"Frequented by celebrities, top-name designers, wealthy New Yorkers, and foreign businessmen, the customers were, to say the least, demanding. The proximity to prominence—Hey, isn’t that Uma Thurman over there? Look out, Lagerfeld just walked in—and the baroque décor helped to compensate for the poor pay, the short lunch breaks, and the occasional verbal abuse from those we served. During my years there, Madonna, Michael Jackson, the Queen of Thailand, and Elton John all dropped in. Oriana Fallaci had an office on the sixth floor and would storm in and out as if war had just been declared. We learned to affect nonchalance in the presence of such glamour. When David Bowie came up to the register one afternoon, my colleague Lara Tomlin (now an illustrator whose work has appeared in The New Yorker) looked at the name on his credit card—David Jones—and quipped, “Hey, weren’t you in the Monkees?” (For the record, Bowie was a good sport. He laughed.)"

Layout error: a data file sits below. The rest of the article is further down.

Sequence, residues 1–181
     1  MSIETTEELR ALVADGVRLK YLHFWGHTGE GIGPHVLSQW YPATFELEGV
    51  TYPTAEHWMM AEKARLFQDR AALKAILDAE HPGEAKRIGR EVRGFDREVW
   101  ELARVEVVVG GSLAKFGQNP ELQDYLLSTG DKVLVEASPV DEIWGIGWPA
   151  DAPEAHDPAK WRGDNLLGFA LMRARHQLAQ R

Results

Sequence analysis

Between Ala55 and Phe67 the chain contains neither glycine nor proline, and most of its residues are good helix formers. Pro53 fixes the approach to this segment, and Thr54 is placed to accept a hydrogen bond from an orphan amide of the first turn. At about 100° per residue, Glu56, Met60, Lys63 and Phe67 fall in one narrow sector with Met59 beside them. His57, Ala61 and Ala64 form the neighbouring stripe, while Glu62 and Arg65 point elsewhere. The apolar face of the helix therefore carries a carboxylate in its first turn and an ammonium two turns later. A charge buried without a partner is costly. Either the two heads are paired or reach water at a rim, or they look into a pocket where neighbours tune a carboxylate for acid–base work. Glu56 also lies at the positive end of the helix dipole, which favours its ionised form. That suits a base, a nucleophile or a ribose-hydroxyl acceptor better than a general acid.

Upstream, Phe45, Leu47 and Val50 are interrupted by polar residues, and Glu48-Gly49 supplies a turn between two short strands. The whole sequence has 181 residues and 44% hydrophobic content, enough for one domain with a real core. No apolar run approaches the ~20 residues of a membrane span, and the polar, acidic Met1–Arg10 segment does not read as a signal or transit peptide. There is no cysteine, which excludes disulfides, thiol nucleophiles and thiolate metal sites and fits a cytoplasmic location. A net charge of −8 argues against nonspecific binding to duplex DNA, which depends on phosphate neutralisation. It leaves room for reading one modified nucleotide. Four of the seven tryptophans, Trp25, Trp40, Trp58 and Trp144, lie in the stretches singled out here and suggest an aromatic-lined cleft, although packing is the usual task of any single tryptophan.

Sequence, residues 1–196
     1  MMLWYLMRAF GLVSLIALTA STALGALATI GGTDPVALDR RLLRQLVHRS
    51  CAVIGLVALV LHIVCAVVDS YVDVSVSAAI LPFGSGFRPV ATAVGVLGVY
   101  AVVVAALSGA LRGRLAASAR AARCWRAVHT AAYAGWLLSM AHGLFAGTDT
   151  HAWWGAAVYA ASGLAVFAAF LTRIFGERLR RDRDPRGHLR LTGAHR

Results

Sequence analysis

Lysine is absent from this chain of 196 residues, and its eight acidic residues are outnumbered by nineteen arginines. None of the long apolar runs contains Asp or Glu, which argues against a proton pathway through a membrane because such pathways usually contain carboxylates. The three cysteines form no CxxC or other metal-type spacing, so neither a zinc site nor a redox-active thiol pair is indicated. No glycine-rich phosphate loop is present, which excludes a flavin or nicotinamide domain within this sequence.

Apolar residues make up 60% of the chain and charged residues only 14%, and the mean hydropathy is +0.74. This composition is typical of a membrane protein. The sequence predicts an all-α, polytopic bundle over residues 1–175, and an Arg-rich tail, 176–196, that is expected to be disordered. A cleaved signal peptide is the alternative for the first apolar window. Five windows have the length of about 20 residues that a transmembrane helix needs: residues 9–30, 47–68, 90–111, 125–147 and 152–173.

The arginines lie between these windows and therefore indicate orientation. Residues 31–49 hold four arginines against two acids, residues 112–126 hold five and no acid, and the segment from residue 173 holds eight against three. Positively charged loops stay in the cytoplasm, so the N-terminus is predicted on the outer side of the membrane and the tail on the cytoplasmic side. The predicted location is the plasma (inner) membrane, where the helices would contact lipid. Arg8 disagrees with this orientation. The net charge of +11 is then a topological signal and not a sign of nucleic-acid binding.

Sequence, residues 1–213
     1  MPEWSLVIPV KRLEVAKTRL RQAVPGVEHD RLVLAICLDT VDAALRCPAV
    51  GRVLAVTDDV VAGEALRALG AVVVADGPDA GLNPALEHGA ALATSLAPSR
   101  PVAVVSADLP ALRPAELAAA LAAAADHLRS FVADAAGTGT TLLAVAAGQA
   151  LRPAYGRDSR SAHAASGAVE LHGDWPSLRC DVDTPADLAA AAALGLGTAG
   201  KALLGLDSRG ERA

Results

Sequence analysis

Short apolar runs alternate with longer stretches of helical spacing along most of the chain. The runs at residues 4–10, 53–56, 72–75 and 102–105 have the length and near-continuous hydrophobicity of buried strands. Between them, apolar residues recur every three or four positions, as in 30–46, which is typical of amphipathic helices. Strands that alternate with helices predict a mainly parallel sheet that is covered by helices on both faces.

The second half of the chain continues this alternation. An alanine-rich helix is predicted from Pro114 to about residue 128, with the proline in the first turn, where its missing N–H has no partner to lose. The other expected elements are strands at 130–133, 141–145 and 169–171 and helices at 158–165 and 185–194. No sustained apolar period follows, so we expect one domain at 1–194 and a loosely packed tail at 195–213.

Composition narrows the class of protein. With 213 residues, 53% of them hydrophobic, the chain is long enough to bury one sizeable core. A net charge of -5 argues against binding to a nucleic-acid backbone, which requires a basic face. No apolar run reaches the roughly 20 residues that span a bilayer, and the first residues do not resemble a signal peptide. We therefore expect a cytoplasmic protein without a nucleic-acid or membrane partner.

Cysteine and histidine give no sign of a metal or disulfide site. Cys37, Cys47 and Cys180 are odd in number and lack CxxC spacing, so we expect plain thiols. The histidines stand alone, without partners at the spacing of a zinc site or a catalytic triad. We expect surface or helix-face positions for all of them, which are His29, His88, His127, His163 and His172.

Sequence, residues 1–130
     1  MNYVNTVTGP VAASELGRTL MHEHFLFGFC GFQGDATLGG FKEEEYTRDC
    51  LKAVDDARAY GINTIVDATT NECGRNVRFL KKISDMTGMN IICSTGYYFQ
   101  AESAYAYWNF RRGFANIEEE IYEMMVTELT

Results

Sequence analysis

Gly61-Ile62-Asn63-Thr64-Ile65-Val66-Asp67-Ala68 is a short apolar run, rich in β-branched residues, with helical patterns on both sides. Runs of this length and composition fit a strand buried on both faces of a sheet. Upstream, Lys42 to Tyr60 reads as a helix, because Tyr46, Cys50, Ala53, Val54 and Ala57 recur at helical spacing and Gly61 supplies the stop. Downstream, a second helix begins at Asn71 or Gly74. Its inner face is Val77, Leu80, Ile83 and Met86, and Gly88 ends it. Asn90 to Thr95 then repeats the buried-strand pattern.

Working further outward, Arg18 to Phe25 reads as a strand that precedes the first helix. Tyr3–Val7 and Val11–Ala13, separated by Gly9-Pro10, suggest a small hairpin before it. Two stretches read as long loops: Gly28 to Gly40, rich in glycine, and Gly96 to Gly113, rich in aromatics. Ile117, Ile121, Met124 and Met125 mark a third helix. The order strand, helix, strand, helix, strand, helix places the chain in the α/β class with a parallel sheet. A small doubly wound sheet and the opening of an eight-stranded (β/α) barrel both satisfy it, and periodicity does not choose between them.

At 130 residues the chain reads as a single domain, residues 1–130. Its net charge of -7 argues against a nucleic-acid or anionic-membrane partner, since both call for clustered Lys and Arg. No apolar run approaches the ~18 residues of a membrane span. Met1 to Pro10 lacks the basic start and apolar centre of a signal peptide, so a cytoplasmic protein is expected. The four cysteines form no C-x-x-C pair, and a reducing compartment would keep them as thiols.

Commerce Rizzoli, the (in)famous bookshop at 31 West Fifty-seventh Street in New York is looking for a new home thanks to the news that its building and a few others are to be demolished to make way for yet another skyscraper. Jon Michaud laments its passing in The New Yorker: